Author(s): Reilly T, Williams AM, Nevill A, Franks A
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Abstract The requirements for soccer play are multifactorial and distinguishing characteristics of elite players can be investigated using multivariate analysis. The aim of the present study was to apply a comprehensive test battery to young players with a view to distinguishing between elite and sub-elite groups on the basis of performance on test items. Thirty-one (16 elite, 15 sub-elite) young players matched for chronological age (15-16 years) and body size were studied. Test items included anthropometric (n = 15), physiological (n = 8), psychological (n = 3) and soccer-specific skills (n = 2) tests. Variables were split into separate groups according to somatotype, body composition, body size, speed, endurance, performance measures, technical skill, anticipation, anxiety and task and ego orientation for purposes of univariate and multivariate analysis of variance and stepwise discriminant function analysis. The most discriminating of the measures were agility, sprint time, ego orientation and anticipation skill. The elite players were also significantly leaner, possessed more aerobic power (9.0 +/- 1.7 vs 55.5 +/- 3.8 ml x kg(-1) x min(-1)) and were more tolerant of fatigue (P < 0.05). They were also better at dribbling the ball, but not shooting. We conclude that the test battery used may be useful in establishing baseline reference data for young players being selected onto specialized development programmes.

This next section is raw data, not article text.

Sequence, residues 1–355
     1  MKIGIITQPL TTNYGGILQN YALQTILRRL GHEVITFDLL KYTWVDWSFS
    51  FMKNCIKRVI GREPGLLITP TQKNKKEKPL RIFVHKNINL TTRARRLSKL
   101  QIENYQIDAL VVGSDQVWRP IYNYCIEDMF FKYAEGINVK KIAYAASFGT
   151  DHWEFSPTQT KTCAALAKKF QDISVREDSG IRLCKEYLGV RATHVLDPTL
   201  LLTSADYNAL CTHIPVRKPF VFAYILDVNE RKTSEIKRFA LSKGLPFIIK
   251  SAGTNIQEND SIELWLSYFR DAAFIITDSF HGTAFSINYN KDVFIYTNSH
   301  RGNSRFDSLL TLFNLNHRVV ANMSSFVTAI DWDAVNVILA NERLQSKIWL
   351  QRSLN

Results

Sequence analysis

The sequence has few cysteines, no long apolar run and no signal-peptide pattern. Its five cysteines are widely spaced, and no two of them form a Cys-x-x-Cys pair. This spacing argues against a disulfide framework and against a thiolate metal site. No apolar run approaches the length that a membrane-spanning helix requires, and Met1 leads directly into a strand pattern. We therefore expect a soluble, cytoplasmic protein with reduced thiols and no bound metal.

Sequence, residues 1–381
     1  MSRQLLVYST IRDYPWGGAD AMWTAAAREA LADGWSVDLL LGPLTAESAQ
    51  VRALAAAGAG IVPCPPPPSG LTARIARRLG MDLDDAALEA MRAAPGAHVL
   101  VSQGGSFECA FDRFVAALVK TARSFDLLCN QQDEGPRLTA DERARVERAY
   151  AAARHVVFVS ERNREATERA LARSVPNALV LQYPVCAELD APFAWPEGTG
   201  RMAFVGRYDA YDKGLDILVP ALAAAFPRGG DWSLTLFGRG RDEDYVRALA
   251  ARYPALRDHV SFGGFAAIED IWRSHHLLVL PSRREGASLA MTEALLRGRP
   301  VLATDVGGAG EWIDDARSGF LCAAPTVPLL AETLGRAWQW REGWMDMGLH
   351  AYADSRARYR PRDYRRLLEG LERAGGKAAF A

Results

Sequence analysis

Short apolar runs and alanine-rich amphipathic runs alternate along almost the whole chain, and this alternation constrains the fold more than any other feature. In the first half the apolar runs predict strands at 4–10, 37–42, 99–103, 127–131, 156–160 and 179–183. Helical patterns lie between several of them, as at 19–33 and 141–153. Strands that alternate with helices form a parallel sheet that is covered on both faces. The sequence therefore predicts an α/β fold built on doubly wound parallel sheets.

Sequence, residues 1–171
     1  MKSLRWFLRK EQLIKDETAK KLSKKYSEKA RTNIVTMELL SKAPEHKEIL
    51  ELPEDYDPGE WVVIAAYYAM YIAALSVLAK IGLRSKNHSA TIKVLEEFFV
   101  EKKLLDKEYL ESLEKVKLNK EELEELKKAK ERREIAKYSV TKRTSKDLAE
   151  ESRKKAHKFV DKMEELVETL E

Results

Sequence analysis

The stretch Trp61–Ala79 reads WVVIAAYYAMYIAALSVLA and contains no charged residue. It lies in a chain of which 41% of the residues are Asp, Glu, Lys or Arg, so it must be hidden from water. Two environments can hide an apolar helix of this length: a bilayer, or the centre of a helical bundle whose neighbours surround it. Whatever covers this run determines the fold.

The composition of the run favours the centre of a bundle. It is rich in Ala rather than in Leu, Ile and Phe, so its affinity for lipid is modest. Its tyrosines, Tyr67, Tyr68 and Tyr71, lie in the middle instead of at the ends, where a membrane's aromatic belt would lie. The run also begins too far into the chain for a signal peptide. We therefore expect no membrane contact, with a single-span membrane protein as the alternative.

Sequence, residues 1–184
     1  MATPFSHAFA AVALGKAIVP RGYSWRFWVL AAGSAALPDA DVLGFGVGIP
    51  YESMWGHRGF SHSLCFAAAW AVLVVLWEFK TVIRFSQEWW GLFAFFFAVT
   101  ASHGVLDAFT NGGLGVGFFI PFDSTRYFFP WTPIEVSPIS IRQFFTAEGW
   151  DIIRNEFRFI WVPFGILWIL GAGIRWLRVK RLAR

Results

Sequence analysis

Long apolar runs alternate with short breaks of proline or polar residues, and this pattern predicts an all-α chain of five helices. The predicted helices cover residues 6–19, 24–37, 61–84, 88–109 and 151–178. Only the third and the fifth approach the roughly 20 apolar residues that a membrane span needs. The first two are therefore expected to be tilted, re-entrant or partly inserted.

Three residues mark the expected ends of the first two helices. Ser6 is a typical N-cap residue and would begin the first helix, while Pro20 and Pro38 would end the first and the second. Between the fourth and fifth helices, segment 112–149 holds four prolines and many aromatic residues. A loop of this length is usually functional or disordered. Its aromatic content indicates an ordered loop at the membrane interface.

This article was published in J Sports Sci
and referenced in Journal of Nutrition Research